- The risk of developing chronic obstructive pulmonary disease (COPD) is higher in those exposed to disinfectants.
- Glutaraldehyde (a strong disinfectant used for medical instruments), bleach, hydrogen peroxide, alcohol and quaternary ammonium compounds (known as "quats", mainly used for low-level disinfection of surfaces such as floors and furniture) were associated with COPD risk.
- Nurses who use disinfectants to clean surfaces on a regular basis - at least once a week - had a 22% increased risk of developing COPD.
Regular use of disinfectants which are chemicals used to clean surfaces, equipments is linked to a higher risk of developing chronic obstructive pulmonary disease (COPD).
The study which was done among 55,000 nurses in the USA found that frequent exposure to disinfectants was associated with a 22% to 32% increased risk of developing COPD.
Danger of Using Disinfectant Use
Dr Orianne Dumas (PhD) from INSERM, Villejuif, France and her colleagues analysed data from 55,185 female registered nurses enrolled in the US Nurses' Health Study II, which started in 1989. The nurses had no history of COPD in 2009 and they were followed for 8 years till 2017.During that time 663 nurses were diagnosed with COPD.
The exposure to disinfectants was evaluated via a questionnaire and a matrix that assigns exposure to disinfectants by job or task. The results were adjusted for factors that might affect the outcome, such as smoking, age, body mass index and ethnicity.
"We found that nurses who use disinfectants to clean surfaces on a regular basis - at least once a week - had a 22% increased risk of developing COPD," says Dr Dumas. "There was a suggestion of a link with the weekly use of disinfectants to clean instruments but this was not statistically significant."
Healthcare Workers At Highest Risk
Exposure to specific disinfectants: glutaraldehyde (a strong disinfectant used for medical instruments), bleach, hydrogen peroxide, alcohol and quaternary ammonium compounds (known as "quats", mainly used for low-level disinfection of surfaces such as floors and furniture) were associated with an increased risk of COPD of between 24% to 32%.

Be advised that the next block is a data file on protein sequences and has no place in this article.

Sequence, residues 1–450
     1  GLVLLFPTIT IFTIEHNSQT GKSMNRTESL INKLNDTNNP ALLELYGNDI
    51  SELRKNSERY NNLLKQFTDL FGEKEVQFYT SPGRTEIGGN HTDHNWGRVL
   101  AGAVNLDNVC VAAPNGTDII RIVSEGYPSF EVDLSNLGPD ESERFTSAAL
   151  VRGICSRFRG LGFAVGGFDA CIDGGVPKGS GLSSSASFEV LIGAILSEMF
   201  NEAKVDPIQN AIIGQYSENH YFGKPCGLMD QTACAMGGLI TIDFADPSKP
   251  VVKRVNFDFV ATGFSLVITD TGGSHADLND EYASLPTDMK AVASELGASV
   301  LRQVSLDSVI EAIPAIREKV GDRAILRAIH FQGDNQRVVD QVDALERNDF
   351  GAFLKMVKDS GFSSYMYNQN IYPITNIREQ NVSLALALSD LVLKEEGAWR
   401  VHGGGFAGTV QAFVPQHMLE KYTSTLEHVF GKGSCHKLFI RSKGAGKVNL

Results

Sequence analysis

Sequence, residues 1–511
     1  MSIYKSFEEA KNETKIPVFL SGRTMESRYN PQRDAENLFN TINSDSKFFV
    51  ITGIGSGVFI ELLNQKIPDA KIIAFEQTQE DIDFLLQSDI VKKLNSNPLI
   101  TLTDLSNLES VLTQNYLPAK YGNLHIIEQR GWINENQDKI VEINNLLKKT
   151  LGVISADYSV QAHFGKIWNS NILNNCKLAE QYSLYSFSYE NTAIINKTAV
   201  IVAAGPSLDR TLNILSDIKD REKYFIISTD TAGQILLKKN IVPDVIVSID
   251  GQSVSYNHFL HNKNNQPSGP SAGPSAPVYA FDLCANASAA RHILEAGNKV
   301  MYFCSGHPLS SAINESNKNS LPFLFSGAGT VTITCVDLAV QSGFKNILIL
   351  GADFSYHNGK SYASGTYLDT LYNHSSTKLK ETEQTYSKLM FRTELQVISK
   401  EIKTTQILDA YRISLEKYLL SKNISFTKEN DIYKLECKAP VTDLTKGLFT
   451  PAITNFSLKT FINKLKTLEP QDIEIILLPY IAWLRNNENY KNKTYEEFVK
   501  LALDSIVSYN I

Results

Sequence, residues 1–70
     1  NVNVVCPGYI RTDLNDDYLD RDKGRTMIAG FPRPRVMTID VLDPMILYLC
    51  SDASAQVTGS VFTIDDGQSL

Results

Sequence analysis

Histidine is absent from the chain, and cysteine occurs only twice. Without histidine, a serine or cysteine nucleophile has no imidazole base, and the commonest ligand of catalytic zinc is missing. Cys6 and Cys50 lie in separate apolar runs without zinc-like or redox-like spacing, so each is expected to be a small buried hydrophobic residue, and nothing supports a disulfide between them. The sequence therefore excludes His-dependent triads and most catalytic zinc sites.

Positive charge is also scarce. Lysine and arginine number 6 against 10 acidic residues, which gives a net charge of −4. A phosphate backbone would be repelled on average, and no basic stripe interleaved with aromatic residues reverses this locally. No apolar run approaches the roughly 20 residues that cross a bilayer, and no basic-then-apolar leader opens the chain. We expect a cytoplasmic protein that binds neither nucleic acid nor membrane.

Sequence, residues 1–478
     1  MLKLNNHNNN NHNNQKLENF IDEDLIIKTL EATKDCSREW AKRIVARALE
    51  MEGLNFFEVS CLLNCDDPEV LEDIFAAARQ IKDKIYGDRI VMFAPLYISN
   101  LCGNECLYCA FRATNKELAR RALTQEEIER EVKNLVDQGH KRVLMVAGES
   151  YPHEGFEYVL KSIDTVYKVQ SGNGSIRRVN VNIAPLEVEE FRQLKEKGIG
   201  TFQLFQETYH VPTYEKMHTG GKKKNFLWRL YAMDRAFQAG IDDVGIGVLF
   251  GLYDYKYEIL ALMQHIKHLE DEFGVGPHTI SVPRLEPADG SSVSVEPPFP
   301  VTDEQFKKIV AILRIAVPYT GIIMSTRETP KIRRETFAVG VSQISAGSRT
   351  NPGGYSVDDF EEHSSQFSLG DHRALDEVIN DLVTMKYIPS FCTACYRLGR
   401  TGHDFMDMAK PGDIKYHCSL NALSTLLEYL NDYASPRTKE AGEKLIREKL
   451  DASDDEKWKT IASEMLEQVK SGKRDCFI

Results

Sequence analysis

"In our study population, 37% of nurses used disinfectants to clean surfaces on a weekly basis and 19% used disinfectants to clean medical instruments on a weekly basis," Dr Dumas will tell the congress.
"The potential adverse effects of exposure to disinfectants on COPD have received much less attention, although two recent studies in European populations showed that working as a cleaner was associated with a higher risk of COPD. To the best of our knowledge, we are the first to report a link between disinfectants and COPD among healthcare workers, and to investigate specific chemicals that may underlie this association," she says.
The findings provide further evidence of the effects of exposure to disinfectants on respiratory problems, and highlight the urgency of integrating occupational health considerations into guidelines for cleaning and disinfection in healthcare settings such as hospitals.
More research needs to be carried out to investigate the impact on COPD of lifetime occupational exposure to chemicals and clarify the role of each specific disinfectant.
Dr. Dumas said, "Some of these disinfectants, such as bleach and quats, are frequently used in ordinary households, and the potential impact of domestic use of disinfectants on COPD development is unknown. Earlier studies have found a link between asthma and exposure to cleaning products and disinfectants at home, such as bleach and sprays, so it is important to investigate this further."
- Orianne Dumas et al.,
Nurses' regular use of disinfectants is associated with developing COPD,
, European Respiratory Society International Congress 2017.